This is what the long game looks like.
Talk about “no compromise”.
Speaking of Man of Steel, the new trailer is decidedly darker.
Todd Bishop on the new “Kindle Worlds”:
The company says it will license rights to popular books, games, movies and other content to let independent authors write their own stories based on those worlds, and receive royalties from sales of their fan fiction through the company’s Kindle Store.
Seems like a smart idea. Though I have to imagine the most popular worlds, like Star Wars, would never agree to this.
Dave Itzkoff talks with director Zack Snyder about his upcoming Superman film:
What drew Mr. Snyder in as he first read the “Man of Steel” script (while Mr. Nolan and his wife and producing partner, Emma Thomas, waited in his driveway) was a vision of the character that felt both classical and contemporary. On the one hand, Mr. Snyder suggested that for Clark Kent to be fully fleshed out, not every moment in his maturation needed to be depicted.
“We assume that Clark is not a virgin — I do,” he said. ” You don’t see that, but that’s the assumption.”
I love the notion of Snyder telling his producer (and wife) and Christopher Nolan to “wait in the car” while he goes to read a script.
Steven Johnson responding to a New Yorker column by George Packer:
Sure, companies went public or sold for staggering sums, but companies have been going public or selling out for generations without creating tens of thousands of millionaires along the way. The defining difference between Silicon Valley companies and almost every other industry in the U.S. is the virtually universal practice among tech companies of distributing meaningful equity (usually in the form of stock options) to ordinary employees. Before companies like Fairchild and Hewlett-Packard began the practice fifty years ago, distributing stock options to anyone other than top management was virtually unheard of. But the engineering tradition that spawned Silicon Valley was much more egalitarian than traditional corporate culture.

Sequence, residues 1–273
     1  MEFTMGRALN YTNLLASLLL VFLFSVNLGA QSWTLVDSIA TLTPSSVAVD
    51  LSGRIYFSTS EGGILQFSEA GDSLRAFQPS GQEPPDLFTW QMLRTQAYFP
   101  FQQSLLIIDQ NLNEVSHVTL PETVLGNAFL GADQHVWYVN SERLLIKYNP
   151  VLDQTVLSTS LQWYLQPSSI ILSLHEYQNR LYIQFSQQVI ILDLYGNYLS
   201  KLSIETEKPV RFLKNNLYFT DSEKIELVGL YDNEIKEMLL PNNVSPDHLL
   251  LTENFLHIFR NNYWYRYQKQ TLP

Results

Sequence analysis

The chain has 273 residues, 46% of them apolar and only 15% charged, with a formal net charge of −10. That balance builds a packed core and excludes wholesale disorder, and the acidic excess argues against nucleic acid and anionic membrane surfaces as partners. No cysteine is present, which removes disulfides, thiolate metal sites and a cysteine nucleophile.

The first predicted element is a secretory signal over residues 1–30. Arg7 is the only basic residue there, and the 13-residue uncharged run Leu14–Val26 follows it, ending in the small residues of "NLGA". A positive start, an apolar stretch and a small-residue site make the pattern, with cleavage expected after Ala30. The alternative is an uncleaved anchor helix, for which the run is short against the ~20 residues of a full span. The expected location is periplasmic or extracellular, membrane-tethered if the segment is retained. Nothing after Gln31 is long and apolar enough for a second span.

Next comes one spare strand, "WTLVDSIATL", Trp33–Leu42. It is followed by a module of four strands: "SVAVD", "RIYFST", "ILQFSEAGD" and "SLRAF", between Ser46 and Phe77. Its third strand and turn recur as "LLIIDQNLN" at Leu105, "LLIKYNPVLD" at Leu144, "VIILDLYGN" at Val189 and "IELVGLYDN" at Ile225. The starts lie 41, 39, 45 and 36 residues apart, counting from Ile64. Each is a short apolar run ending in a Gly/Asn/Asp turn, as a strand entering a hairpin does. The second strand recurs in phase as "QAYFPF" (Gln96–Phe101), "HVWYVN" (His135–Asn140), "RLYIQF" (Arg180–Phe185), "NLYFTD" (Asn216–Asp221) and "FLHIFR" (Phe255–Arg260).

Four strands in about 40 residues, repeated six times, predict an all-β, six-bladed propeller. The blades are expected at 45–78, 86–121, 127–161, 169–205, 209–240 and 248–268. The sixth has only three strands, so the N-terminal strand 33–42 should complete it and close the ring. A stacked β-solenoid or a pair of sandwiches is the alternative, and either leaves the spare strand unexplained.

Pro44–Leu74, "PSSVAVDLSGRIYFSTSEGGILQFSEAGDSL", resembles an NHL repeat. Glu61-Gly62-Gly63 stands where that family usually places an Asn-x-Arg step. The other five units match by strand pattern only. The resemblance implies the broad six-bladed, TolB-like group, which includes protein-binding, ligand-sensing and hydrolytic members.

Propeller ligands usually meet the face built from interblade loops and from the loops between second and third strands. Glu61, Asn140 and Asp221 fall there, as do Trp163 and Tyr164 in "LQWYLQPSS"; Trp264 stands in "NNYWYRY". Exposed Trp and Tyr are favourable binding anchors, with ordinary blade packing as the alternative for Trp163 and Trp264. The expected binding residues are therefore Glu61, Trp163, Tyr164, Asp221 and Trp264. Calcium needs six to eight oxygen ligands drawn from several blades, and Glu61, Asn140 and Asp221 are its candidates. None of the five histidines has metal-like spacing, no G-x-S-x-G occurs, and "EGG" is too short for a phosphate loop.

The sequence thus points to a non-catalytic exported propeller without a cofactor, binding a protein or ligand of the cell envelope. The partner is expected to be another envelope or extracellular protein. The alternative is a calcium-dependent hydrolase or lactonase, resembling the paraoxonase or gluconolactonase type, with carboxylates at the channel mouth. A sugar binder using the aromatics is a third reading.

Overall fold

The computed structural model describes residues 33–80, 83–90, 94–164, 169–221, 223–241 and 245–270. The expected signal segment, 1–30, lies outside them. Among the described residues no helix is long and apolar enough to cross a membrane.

Many great points here.
Nice scoop by Mark Gurman. Makes sense to me. I was always surprised that Apple didn’t move to integrate Flickr into iOS when they already did so on OS X with iPhoto. Let’s just hope this helps alleviate the photo management nightmare.
Apple CEO Tim Cook was facing a Congressional panel today with tough questions about the way the company has organized itself in an effort to lower its tax burden. But at the end of the questioning, John McCain had something else on his mind. That, friends, is what we call a softball.
The quintessential question of our time.